A suspension would have implications for the possible rotation of quarterbacks in training camp and the preseason. It may change the game plan against what promises to be a tough schedule of September opponents.

In some ways, the Bucs' preparations for this began in March with the re-signing of 35-year-old quarterback Ryan Fitzpatrick, who went 2-1 as a starter last season.

The Bucs believe Fitzpatrick will be the best quarterback to potentially get them through a gauntlet of early games: at New Orleans on Sept. 9, home against the Super Bowl champion Eagles on Sept. 16 and vs. Pittsburgh on Monday Night Football at Raymond James on Sept. 24.

Depending on the length, a suspension could have implications for how the Bucs approach training and the preseason.

How do you split the reps with the starting offense at the quarterback position? Typically, Winston would take all of them with the No. 1 unit.

The preseason could look different, too. The starting quarterback often plays into the third quarter of the third preseason game. But if Winston were going to miss more than one game, the Bucs may consider giving those reps to Fitzpatrick.

What about the final preseason game, when starters typically don't play? The Bucs may want to protect Fitzpatrick but play Winston, since it might be the most live action he will see for several weeks.

From a game-plan standpoint, the Bucs may have to rely more heavily on their defense and running game to control the football and the clock.

The default position is that the Bucs would treat any suspension like an injury. But psychologically, it would be a bigger blow. A suspension is a self-inflicted wound for off-field behavior.

The Glazer family, which owns the Bucs, has been almost parental in its loyalty to Winston. In May, co-chairman Joel Glazer called Winston, "a first-class individual, hard-working, wonderful in the community, a leader and everything that we would've hoped for in our quarterback."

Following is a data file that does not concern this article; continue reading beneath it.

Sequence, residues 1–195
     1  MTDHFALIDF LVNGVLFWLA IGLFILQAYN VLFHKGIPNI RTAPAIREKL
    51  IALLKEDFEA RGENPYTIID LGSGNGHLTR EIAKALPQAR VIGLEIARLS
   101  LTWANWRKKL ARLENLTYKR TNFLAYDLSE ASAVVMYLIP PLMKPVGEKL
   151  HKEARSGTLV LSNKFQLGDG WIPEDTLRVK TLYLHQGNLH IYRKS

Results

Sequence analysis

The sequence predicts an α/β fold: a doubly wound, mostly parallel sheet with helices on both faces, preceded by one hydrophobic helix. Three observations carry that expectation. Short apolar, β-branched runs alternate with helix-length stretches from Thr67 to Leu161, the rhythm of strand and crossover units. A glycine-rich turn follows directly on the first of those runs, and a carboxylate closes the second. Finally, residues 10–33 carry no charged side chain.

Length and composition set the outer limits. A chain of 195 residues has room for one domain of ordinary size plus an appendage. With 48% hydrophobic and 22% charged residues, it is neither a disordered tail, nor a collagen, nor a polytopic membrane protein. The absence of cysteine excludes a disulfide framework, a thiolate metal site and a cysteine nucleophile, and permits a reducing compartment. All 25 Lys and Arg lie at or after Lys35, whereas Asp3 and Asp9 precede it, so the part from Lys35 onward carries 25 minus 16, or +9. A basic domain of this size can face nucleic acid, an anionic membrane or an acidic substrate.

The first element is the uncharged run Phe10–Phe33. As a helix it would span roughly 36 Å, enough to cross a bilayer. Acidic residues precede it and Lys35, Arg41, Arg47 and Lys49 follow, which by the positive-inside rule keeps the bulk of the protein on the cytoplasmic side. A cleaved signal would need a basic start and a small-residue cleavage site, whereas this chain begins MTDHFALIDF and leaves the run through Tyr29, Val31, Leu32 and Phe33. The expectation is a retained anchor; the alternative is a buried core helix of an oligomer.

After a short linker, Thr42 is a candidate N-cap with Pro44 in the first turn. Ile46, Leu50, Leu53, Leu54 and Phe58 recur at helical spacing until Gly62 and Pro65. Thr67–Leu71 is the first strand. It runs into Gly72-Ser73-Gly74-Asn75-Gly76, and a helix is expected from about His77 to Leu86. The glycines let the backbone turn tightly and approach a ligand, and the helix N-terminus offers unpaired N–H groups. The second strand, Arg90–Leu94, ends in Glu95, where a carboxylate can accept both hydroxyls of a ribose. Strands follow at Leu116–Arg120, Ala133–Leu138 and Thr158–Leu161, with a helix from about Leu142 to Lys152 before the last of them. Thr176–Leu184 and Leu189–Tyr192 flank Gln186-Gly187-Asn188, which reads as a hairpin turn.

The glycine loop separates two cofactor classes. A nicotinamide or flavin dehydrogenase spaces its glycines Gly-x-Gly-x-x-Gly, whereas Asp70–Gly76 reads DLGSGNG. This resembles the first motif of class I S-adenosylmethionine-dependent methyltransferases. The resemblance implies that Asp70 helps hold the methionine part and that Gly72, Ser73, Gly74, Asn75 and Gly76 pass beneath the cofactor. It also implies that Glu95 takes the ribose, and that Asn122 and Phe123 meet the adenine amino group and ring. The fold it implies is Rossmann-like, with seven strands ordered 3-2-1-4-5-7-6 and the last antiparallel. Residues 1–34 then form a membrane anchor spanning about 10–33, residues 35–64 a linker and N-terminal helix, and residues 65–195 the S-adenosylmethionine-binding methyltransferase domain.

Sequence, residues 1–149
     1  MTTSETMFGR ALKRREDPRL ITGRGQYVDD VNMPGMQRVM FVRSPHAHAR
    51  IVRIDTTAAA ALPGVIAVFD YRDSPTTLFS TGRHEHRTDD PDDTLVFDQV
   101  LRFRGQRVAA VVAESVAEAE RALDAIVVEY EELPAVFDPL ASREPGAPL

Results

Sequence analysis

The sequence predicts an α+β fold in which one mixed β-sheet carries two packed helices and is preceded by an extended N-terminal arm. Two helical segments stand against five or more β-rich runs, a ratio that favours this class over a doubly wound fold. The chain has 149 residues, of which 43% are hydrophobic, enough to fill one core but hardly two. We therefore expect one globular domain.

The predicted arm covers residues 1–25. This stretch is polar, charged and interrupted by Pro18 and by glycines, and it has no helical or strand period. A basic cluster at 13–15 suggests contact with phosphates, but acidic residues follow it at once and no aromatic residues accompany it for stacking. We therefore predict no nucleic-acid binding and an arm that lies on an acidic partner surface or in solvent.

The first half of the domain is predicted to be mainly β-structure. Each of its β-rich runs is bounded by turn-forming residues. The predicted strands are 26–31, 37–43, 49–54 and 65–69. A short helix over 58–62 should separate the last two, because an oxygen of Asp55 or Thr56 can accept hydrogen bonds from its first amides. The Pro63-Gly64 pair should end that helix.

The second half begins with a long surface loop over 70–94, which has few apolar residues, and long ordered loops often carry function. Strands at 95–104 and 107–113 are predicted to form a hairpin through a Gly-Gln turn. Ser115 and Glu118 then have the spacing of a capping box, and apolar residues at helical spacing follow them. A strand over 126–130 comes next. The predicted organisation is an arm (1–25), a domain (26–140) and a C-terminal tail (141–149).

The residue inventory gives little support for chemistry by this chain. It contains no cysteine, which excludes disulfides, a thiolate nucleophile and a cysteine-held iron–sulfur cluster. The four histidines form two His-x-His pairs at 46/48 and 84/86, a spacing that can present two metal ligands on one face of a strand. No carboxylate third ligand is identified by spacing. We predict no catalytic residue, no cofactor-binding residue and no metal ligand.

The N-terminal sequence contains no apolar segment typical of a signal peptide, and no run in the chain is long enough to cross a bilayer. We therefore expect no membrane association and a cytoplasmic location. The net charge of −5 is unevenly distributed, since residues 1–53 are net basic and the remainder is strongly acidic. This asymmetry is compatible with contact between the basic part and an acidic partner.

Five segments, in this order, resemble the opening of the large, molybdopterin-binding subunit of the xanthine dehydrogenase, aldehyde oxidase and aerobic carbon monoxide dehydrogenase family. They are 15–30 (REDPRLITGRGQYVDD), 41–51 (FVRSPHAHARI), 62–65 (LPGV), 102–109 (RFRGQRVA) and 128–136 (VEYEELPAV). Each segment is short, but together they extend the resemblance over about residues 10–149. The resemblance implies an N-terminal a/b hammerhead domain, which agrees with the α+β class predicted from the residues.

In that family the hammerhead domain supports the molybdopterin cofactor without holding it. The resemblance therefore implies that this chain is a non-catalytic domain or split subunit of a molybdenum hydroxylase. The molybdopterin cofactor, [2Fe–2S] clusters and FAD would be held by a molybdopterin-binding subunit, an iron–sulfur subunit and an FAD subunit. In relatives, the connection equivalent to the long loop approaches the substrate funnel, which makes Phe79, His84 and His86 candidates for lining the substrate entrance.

But a lengthy suspension could affect how the Bucs view Winston's future. The Bucs have picked up his fifth-year option worth about $21 million. It's only guaranteed against injury. Without this cloud, the Bucs would look to potentially lock up Winston with a long-term contract following 2018.

Should the Bucs have another losing season, Winston's future with the team may be in jeopardy. At the very least, he could be playing for his third head coach in five years.

Winston has shown a rare ability to compartmentalize his off-field issues. He went through two investigations into allegations by Erica Kinsman of sexual assault while the two were students at Florida State and lost only one football game.

Other than the probe, this is the best time of Winston's life. He proposed to his longtime girlfriend, Breion Allen, who is expecting the couple's first child, a boy, in July. He unveiled his Dream Forever Foundation to help underprivileged kids.

"One of the things that we always talk about is who we are every single day," Winston said. "From day to day, despite your emotions or how you feel that day, you have to come with that same level of urgency every day in every position that's tough.

"But here, in this profession when the spotlight is on us all the time, we have to find a way to overcome any adversity we may be facing at home or even in that locker room and make sure that we're our best selves out here on this football field."